Getting Started With NestJS [Beginners Guide]
2021-02-26 | 5 min read

Getting Started With NestJS [Beginners Guide]

Damir Ljubičić

Web Developer

As backend developers, we go through dozens of frameworks and test out a good number of them throughout our careers. The last one I tested was NestJS - so if you’re looking for a new framework and want to give NestJS a try, keep reading, and I’ll show you how.



NestJS is a progressive framework for building efficient, reliable, and scalable server-side applications. Or, to put it more simply, it adds another level of abstraction to NodeJS and it helps structure your code and project. I found it interesting because it fully supports Typescript and uses ExpressJS, which I use on a daily basis anyway. You can find more on the official website of NestJS.

Installation

First things first, to use NestJS, you need to install Nest CLI (Command Line Interface). You can do that using npm (node package manager). If you’re not familiar with npm, it is a package manager for the Javascript programming language.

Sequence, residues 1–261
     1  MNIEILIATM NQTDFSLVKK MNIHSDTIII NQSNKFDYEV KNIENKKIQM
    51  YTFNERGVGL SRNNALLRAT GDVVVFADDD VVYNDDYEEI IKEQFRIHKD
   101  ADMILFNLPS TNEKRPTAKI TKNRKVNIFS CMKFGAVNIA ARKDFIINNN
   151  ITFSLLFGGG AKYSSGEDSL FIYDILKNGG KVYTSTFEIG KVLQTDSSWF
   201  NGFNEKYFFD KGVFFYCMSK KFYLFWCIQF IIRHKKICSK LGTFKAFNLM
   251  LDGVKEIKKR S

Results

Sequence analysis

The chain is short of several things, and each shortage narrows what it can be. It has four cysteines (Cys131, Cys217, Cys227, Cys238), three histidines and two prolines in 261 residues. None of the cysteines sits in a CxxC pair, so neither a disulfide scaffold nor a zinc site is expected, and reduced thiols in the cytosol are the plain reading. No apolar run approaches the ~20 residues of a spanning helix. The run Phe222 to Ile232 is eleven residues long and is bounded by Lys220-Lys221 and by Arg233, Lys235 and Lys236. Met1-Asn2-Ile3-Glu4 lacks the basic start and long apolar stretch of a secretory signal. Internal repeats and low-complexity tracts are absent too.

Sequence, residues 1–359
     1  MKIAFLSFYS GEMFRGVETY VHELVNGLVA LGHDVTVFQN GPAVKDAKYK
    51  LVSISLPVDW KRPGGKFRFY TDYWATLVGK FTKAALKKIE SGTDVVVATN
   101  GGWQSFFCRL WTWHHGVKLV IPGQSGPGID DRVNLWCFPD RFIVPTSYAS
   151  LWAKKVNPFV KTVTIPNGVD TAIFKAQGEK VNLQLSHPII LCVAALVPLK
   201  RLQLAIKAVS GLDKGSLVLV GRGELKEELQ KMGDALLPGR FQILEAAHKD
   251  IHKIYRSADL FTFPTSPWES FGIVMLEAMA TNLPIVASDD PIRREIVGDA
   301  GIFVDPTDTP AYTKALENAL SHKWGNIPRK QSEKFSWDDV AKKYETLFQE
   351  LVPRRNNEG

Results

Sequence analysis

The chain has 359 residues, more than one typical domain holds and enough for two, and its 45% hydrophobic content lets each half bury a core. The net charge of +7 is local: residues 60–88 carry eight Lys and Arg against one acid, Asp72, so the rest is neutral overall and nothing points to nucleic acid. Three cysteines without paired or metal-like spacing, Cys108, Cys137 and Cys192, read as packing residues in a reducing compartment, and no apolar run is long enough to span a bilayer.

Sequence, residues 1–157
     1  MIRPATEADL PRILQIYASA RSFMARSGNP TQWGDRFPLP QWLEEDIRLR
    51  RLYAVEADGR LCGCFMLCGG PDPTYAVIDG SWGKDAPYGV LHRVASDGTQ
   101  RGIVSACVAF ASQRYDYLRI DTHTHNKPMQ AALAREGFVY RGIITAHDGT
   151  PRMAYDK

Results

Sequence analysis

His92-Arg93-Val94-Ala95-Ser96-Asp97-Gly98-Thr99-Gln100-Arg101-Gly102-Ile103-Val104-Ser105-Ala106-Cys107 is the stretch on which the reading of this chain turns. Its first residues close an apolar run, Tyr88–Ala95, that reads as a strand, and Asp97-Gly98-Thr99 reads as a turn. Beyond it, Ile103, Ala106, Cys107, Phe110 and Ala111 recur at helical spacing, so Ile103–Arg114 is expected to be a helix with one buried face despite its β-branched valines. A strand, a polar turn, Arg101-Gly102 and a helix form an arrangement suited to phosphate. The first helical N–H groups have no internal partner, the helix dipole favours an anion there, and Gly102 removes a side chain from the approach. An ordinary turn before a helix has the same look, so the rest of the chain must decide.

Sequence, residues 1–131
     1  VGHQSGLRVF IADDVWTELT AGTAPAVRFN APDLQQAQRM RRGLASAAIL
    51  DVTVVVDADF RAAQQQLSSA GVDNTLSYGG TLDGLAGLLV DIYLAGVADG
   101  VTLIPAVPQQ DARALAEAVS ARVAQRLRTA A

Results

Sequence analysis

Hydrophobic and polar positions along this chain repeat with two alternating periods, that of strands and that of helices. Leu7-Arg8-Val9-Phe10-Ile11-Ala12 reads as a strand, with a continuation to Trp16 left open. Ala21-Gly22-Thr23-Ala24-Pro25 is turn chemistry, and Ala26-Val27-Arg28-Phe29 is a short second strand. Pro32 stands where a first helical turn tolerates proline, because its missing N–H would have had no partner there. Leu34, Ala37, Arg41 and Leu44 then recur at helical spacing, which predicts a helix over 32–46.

Once you are set and have npm installed, you want to run the following command:

With this command line, you will install the NestJS Command Line Interface. If you want to install it globally on your machine, use -g.Once the installation is complete, you can use our newly installed Nest CLI and create a new project using the following command:

Once this command executes, the default project will be downloaded into a folder named nestjs_hw. Upon command execution, you will see an option to choose between two package managers: yarn and npm. I prefer npm, so I will be using that.